With respect to Walker's specific complaints about his alleged entitlement to take a no-answer default judgment before the district court ruled on the Rule 91a motion, we conclude that any such complaint is ultimately moot or harmless because it nonetheless remains that dismissal was proper under Rule 91a. See Boone v. Gutierrez, No. 03-16-00259-CV, 2017 WL 3122798, at *2 (Tex. App.-Austin July 19, 2017, no pet.) (mem. op.).

         In his second issue, Walker asserts that the district judge who conducted the hearing on the Rule 91a motion erred in "exchanging benches" with another district judge, apparently challenging the Travis County District Courts' "central docket" system. However, district courts are authorized to operate on central-docket systems, see Tex. Const. art. V, §11 (authorizing district judges to "exchange districts, or hold courts for each other"); Tex.R.Civ.P. 3a (allowing district courts to make local rules), and the Travis County District Courts have duly passed local rules permitting the operation of a rotating central-docket system, see Travis Cty. Dist. Ct. Loc. R. 1.2 (all civil cases other than those on specialized dockets are set on Central Docket), 1.3 (any district judge may conduct hearing). Moreover, Walker has not identified any harm he has suffered as a result of the central-docket system. Accordingly, we overrule his second issue.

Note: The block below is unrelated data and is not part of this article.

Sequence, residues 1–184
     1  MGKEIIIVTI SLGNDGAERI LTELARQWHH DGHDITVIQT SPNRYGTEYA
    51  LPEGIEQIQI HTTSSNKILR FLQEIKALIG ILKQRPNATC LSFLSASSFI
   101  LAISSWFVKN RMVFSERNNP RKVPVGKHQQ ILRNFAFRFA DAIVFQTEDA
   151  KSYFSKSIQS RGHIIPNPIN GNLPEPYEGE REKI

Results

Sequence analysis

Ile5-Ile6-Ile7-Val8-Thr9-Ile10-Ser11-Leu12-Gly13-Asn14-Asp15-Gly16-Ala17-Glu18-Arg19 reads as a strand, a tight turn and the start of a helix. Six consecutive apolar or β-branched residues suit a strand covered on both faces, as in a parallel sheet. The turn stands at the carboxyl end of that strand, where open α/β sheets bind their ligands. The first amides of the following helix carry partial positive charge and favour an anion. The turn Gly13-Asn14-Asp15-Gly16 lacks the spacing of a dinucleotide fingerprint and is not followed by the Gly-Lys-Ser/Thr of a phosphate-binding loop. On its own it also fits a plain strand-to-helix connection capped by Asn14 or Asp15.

In his sixth and final issue, Walker asserts that the district court abused its discretion in not "hearing" or granting his motion for new trial. To the extent that he complains that the district court did not provide him a hearing on his new-trial motion, he has not demonstrated that his motion presented any question of fact that necessitated a hearing. See Boone, 2017 WL 3122798, at *2 (citing Soto v. General Foam & Plastics Corp., 458 S.W.3d 78, 85 (Tex. App.-El Paso 2014, no pet.)). As for his contention that the district court erred in not granting his new-trial motion and allowing it to be overruled by operation of law-a ruling that we review for an abuse of discretion, see Cliff v. Huggins, 724 S.W.2d 778, 778-79 (Tex. 1987)-we determine that the district court did not abuse its discretion, as Walker's motion did not assert any issues that we have not already determined are meritless. We accordingly overrule his sixth issue.

         CONCLUSION

         We affirm the district court's order granting Jenkins's Rule 91a motion to dismiss Walker's petition for writ of mandamus.

         Affirmed.